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TeleTEAM Care for Diabetes Program

  • Need: The rate of diabetes and diabetes mortality in North Carolina is higher than in many other states, but is even higher in the eastern part of the state.
  • Intervention: TeleTEAM provides integrated care for patients with diabetes during regular primary care visits, using telehealth to connect them with off-site behavioral therapists, dietitians, clinical pharmacists, and a medical diabetologist.
  • Results: Patients who have received care from TeleTEAM providers have shown decreases in blood sugar, as well as in weight, depression, and diabetes-related distress.

According to the Centers for Disease Control, many counties in eastern North Carolina are part of the Diabetes Belt, where at least 11 percent of the population suffers from the disease. The death rate from diabetes in eastern North Carolina is 30 percent higher than in other parts of the state, and is nearly 2.5 times higher among African Americans there. Diabetes management and prevention of complications in rural primary care are frequently exacerbated by profound lifestyle and behavioral challenges that limit optimal health outcomes.

Diabetes mortality chart
Disparate Outcomes in Diabetes in eastern North Carolina (From the Comparable Outcomes Associated with Telehealth-delivered Team Care for Diabetes in Rural Primary Care Practices presentation. Courtesy of Brody School of Medicine at East Carolina University).

Because rural primary care providers are challenged by little or no access to services that can assist in delivering much needed chronic disease care, East Carolina University (ECU) created TeleTEAM, a telehealth model that connects patients to an off-site diabetes care team during primary care office visits at their local clinics. The approach is designed to treat the myriad aspects of managing diabetes and co-morbid medical and behavioral health conditions.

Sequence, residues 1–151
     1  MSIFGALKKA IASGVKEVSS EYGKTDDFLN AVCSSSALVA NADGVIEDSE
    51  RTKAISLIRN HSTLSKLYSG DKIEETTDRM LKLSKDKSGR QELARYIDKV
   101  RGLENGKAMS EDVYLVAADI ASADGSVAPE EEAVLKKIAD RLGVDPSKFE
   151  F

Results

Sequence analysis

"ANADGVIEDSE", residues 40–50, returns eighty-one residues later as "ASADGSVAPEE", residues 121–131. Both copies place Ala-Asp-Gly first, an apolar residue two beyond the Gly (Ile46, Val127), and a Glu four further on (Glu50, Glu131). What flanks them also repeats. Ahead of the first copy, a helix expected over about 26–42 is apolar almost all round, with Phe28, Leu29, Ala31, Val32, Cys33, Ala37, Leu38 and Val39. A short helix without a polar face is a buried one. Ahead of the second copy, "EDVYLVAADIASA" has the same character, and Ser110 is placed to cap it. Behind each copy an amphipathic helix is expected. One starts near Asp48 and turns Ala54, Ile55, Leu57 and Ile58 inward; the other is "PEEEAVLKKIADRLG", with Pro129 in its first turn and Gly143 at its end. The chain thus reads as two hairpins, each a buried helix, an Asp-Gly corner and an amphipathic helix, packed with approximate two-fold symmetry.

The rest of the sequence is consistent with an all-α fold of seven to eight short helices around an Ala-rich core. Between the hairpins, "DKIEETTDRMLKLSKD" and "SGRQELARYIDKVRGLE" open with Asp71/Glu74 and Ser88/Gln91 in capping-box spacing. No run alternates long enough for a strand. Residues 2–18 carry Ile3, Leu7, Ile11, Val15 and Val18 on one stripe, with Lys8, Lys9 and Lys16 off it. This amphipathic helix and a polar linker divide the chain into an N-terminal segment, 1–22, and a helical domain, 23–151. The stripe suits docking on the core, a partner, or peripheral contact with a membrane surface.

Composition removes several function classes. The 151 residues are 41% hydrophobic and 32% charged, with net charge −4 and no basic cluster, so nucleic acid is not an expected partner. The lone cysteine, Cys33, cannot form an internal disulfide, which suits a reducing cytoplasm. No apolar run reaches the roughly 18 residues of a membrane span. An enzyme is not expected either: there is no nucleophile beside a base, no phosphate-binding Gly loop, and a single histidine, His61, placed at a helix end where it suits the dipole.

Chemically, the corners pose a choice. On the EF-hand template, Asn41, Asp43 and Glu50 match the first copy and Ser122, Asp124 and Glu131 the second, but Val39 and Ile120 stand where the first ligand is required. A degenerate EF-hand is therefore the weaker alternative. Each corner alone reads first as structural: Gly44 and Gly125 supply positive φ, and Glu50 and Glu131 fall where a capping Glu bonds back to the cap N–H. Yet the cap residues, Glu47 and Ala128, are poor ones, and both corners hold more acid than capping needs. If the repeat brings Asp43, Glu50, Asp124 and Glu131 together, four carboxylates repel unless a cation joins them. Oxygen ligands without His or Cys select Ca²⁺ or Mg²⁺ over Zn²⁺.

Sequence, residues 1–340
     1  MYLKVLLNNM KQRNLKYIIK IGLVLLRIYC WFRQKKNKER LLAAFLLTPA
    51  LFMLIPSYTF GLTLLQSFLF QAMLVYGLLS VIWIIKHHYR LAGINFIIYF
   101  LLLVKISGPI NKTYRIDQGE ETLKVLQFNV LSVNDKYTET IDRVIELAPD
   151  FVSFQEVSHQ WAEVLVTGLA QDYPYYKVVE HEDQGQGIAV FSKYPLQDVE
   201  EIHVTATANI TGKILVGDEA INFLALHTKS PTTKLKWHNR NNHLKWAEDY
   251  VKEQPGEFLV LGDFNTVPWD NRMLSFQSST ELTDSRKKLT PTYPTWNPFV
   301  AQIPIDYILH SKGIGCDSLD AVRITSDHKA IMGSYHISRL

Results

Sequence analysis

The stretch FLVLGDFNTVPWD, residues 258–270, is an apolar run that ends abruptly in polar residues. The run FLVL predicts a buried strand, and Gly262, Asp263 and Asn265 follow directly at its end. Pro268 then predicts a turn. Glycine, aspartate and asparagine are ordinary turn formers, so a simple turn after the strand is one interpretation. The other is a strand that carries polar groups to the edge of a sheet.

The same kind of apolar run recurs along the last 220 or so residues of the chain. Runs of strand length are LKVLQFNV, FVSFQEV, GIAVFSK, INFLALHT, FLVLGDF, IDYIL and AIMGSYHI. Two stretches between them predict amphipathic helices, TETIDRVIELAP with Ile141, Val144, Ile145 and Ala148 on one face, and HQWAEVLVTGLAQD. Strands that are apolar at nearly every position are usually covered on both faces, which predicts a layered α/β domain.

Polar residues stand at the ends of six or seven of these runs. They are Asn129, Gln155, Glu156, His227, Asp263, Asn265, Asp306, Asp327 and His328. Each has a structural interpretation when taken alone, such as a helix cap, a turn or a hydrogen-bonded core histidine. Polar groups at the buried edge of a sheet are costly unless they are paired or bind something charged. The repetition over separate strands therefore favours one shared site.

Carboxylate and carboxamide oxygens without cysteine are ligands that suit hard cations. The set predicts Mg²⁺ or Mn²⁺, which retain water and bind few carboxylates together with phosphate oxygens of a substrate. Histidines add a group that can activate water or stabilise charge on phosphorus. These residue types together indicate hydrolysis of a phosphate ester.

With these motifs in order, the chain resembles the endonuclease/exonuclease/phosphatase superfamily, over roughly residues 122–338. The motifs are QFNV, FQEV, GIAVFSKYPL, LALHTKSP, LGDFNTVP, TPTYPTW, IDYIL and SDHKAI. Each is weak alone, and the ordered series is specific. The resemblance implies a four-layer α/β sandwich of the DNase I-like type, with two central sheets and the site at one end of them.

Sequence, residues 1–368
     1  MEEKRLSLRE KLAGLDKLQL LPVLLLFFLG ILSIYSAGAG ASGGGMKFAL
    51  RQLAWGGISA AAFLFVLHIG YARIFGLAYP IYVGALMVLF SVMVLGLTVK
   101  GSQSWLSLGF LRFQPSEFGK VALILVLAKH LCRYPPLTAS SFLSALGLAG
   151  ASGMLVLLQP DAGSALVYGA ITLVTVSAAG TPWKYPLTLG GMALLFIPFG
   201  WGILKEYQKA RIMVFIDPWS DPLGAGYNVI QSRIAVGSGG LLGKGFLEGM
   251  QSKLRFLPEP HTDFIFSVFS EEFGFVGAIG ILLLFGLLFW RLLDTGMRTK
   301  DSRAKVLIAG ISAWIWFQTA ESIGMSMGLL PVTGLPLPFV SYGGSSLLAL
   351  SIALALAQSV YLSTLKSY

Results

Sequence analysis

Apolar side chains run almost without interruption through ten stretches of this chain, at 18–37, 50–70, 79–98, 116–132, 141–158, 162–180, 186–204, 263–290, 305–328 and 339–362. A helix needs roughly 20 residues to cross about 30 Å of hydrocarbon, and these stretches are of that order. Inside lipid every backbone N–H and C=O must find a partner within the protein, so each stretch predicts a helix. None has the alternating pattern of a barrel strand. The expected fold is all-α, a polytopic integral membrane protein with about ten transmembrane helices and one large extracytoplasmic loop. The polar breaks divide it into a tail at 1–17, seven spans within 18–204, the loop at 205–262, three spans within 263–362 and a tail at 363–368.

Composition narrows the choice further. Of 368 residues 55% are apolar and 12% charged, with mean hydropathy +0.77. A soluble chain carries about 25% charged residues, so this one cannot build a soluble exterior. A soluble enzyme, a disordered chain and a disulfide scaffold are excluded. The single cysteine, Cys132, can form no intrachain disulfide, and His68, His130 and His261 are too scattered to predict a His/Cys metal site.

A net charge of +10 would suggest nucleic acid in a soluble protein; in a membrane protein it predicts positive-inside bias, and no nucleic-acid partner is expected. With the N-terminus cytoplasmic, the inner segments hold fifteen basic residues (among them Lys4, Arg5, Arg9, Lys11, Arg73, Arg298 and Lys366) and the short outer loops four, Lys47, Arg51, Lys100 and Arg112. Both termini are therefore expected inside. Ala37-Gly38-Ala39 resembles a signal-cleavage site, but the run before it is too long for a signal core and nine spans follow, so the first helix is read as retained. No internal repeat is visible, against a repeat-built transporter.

TeleTEAM provides:

  • A registered dietitian who delivers medical nutrition therapy and education specifically targeted toward achieving greater blood glucose, weight, lipids, and blood pressure control through diet and lifestyle adjustments.
  • A behavioral health specialist who helps patients address co-morbid behavioral health challenges such as depression/anxiety and medication adherence, with the aim of increasing levels of physical activity and improving sleep.
  • A clinical pharmacist who provides recommendations for treatment options for better blood glucose and blood pressure control, and who facilitates patient adherence to the regimen.
  • A medical diabetologist who offers additional comprehensive recommendations for patients with uncontrolled diabetes and related chronic health conditions.

Telemedicine connectivity via TeleTEAM is currently offered at 10 clinical sites in rural eastern North Carolina. Of patients given TeleTEAM referrals, 6 percent have been referred to a diabetologist, 56 percent to a dietitian, 26 percent to a behavioral therapist, and 9 percent to a clinical pharmacist.

View full-sizeTele-TEAM Care Sites
Courtesy of Brody School of Medicine at East Carolina University.

The Federal Office of Rural Health Policy’s Office for the Advancement of Telehealth awarded ECU’s TeleTEAM a three-year grant in 2013 to help establish new delivery sites in eastern North Carolina. The TeleTEAM Program also received funding from the Kate B. Reynolds Charitable Trust.